Childhood abuse, promoter methylation of leukocyte NR3C1 and the potential modifying effect of emotional support

Written by Shields AE, Wise LA, Ruiz-Narvaez EA et al.

Over the past decade, several epigenetics studies have emerged linking various forms of childhood adversity with an altered hypothalamic–pituitary–adrenal axis stress response in humans [1,2]. Among the genes in the stress pathway, the glucocorticoid receptor gene, NR3C1, has been shown to be hypermethylated in response to various forms of early life psychosocial stress, such as physical or emotional abuse [3] or parental loss [4]. Increased methylation of NR3C1 is associated with a range of deleterious outcomes, including depression [5], borderline personality disorder [6,7] and cancer [8–10].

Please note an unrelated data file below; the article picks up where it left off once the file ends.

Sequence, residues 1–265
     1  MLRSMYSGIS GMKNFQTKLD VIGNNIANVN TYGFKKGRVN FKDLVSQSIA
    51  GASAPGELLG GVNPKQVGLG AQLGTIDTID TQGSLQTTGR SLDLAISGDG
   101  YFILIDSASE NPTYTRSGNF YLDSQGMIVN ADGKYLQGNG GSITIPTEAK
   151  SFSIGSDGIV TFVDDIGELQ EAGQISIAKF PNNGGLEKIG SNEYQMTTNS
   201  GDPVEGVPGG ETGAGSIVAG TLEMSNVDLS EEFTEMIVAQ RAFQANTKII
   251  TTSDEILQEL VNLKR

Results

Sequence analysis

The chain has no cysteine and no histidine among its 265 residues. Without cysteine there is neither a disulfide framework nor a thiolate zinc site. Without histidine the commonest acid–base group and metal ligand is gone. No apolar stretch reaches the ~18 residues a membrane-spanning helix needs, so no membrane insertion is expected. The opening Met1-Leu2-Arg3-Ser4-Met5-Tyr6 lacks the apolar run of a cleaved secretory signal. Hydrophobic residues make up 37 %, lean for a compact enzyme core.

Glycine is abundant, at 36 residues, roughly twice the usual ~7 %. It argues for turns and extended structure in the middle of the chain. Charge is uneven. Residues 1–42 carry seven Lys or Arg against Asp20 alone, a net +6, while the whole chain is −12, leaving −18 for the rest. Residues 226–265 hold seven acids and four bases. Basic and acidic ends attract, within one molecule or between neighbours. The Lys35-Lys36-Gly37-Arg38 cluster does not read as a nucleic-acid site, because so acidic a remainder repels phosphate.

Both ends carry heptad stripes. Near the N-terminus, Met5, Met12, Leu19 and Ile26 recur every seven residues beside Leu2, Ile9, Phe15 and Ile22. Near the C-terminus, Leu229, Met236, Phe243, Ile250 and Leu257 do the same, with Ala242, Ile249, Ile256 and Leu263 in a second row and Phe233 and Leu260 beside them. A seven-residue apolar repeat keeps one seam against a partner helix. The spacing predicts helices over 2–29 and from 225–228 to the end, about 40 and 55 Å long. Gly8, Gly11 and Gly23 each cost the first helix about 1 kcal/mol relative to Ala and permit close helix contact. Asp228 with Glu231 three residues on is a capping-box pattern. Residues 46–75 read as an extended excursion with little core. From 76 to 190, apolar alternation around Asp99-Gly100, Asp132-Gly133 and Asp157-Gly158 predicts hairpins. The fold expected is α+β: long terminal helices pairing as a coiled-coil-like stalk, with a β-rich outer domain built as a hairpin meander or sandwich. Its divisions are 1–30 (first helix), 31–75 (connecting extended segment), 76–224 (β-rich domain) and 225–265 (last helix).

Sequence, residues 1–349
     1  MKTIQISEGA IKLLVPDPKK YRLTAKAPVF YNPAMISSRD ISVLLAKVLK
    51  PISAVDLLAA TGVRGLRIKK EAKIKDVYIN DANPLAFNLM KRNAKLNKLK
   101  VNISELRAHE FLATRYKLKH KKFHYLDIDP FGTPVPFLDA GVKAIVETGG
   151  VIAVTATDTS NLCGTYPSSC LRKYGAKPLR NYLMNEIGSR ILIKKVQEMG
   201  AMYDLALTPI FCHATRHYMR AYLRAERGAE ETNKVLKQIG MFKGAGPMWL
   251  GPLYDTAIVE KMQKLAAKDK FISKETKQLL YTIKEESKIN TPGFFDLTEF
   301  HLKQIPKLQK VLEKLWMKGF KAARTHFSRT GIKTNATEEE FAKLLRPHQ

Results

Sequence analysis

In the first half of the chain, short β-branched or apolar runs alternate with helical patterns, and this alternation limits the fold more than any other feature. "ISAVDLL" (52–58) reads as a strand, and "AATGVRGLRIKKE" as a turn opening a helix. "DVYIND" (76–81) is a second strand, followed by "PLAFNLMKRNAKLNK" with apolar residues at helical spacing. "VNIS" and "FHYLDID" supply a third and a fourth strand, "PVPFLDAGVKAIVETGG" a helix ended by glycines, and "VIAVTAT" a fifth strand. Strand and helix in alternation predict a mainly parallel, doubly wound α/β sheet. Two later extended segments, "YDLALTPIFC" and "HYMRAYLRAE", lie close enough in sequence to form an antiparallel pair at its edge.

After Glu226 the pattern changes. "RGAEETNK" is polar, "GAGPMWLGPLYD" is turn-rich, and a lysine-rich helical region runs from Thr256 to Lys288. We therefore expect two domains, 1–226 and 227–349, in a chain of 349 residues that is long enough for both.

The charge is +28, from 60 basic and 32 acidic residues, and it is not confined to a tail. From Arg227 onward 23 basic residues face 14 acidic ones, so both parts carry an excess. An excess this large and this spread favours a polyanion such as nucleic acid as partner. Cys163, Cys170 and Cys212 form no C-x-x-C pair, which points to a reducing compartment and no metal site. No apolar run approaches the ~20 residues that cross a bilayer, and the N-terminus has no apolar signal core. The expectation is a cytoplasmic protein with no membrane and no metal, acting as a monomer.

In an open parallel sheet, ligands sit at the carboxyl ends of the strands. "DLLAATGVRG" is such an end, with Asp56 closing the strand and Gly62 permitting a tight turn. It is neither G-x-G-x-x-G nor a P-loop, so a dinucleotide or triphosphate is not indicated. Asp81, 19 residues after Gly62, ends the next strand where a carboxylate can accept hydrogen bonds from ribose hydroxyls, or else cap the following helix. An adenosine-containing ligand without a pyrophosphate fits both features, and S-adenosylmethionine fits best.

Nearly all methylation studies conducted on NR3C1 have focused on the CpG island located within the proximal promoter region, particularly in exon 1F and the 1F promoter. Epigenetics research to date has tended to focus on methylation in CpG islands, which are small stretches of unmethylated DNA found in the promoters of a handful of human genes [11], because methylation in these regions is assumed to have the greatest functional significance [12]. However, more recent research has shown that the majority of functionally important DNA methylation occurs not in CpG islands, but in CpG island shores, which are genomic regions located within 2 kb of a CpG island [13]. Our prior research suggests that DNA methylation at the CpG island shore located within the proximal promoter of NR3C1 is sensitive to environmental stressors [14–16], and thus may be a suitable candidate for methylation studies of external and internal stressors. None of the published studies demonstrating a link between early life psychosocial stressors and epigenetic modification within the proximal promoter region of NR3C1 have explored CpG island shores as a more sensitive or functional methylation site for psychosocial stress.

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